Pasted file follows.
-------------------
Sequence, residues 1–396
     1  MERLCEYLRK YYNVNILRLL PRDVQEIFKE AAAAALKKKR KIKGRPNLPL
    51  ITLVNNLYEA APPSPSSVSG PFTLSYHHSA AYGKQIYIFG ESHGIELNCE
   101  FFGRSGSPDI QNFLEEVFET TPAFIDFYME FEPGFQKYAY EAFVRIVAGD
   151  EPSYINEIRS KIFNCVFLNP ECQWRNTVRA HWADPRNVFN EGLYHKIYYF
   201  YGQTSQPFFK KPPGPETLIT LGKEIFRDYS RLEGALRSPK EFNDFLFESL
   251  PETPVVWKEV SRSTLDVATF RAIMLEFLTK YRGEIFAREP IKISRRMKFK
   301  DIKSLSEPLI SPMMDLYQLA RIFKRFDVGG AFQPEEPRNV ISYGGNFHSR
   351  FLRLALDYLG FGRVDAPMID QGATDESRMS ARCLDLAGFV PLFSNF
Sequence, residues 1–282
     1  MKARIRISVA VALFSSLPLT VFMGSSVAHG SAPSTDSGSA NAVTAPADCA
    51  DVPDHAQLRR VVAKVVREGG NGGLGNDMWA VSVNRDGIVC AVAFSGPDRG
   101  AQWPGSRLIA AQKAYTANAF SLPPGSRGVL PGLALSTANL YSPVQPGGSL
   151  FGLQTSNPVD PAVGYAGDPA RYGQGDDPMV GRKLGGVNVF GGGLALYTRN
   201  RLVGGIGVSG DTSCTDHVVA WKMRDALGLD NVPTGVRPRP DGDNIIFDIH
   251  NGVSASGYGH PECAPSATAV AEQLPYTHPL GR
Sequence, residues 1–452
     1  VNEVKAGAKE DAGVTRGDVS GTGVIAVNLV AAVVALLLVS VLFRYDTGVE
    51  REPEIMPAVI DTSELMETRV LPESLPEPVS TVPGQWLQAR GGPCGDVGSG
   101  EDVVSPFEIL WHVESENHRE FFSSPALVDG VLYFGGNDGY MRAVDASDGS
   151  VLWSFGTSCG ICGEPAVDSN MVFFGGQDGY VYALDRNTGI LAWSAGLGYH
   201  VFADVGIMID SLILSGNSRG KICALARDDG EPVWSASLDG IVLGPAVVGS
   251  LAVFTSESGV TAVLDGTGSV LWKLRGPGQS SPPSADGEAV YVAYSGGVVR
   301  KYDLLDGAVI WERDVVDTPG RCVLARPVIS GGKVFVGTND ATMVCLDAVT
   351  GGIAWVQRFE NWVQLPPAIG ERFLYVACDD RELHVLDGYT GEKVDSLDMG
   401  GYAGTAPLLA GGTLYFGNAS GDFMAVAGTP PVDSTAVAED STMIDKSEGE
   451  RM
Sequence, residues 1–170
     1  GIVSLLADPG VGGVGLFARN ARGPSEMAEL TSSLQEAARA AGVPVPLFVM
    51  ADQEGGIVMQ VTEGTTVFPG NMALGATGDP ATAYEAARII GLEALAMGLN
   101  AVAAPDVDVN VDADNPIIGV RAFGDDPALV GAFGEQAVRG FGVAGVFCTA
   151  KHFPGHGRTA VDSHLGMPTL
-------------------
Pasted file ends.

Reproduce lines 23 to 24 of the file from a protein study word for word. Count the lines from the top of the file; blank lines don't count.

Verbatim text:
   251  LAVFTSESGV TAVLDGTGSV LWKLRGPGQS SPPSADGEAV YVAYSGGVVR
   301  KYDLLDGAVI WERDVVDTPG RCVLARPVIS GGKVFVGTND ATMVCLDAVT